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Supperclub summit

It’s been a while since I put myself up for a culinary challenge but as luck would have it I’ve been reeled in by the promise of a chance to get out my mincer and fire up the smoker to concoct some meaty delights.

In collaboration with some folks running supperclubs in Germany I am taking part in the Supperclub Summit – a sort of culinary Olympics if you will. I’m making a special Charcuterie plate and helping out with some of the other dishes on the menu.

To have a look at the menu and read more about it go to the Supperclub Summit website.

You can book a ticket via that site or through Edible Experiences

I look forward to seeing you there.

Yours in meat

Ruth

 

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Biltong – an explanation of sorts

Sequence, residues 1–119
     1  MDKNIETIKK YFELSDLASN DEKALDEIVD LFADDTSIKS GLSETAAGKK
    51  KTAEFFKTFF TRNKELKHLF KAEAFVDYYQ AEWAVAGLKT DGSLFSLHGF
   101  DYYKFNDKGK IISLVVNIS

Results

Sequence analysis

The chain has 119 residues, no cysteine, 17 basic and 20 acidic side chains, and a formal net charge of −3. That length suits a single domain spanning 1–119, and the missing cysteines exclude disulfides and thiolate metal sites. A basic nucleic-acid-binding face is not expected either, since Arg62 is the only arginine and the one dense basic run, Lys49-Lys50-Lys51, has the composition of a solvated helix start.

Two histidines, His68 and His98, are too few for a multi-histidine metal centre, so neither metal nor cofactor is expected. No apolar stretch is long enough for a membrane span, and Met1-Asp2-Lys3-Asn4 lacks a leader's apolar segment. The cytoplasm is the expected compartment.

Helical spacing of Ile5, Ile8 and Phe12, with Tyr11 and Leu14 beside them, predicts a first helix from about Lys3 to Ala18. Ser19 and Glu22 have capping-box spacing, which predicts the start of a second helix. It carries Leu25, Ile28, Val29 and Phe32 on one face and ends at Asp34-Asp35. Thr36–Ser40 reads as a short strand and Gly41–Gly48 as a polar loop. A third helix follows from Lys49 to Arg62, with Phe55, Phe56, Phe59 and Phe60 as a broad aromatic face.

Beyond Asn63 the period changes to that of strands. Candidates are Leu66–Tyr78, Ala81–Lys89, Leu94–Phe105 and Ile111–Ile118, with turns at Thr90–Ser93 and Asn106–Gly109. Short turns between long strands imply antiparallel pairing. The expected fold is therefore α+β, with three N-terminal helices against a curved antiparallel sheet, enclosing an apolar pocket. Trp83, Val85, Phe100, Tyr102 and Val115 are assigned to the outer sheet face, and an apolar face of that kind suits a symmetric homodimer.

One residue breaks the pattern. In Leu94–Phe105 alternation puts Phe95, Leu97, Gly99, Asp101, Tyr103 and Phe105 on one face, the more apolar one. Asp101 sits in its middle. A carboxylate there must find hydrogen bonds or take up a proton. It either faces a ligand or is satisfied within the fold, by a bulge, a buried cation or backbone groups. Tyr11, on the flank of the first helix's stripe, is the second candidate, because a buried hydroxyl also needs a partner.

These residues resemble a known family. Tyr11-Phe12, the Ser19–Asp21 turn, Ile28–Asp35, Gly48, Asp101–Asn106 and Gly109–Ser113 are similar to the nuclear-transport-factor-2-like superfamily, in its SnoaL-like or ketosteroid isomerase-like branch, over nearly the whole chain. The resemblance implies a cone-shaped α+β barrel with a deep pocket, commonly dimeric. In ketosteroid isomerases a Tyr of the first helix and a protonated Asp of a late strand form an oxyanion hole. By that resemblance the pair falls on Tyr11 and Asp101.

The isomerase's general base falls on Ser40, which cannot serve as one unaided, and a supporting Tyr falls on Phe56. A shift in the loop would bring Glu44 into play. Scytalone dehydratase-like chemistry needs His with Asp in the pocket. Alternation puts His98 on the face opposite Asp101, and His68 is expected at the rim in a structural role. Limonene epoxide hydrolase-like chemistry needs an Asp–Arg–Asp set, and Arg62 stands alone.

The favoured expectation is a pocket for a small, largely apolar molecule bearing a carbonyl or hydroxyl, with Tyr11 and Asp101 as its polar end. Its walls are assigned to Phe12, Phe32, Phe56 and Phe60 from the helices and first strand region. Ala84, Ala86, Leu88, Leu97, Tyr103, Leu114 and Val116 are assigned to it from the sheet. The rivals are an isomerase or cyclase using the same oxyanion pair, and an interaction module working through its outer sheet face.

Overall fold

If you live in the UK at least (I don’t know how this works elsewhere), you will be familiar with a page featuring many tick-boxes asking to affirm your ethnicity – it is attached to just about every bureaucratic form available. When faced with the plethora of choices I forgo the temptation to list some randomly chosen cocktail of races. This is what I put down:

White African.

White Africans from Southern Africa can be divided into two groups – English and Afrikaans. This divide is stronger than most realise, harking back to at least the 1820’s when tensions between Boers and English first began to fester – the power-grabbing tendencies of the latter inevitably giving rise to the inland migration of the former. Even today there is a distinct cultural difference and rivalry between the two.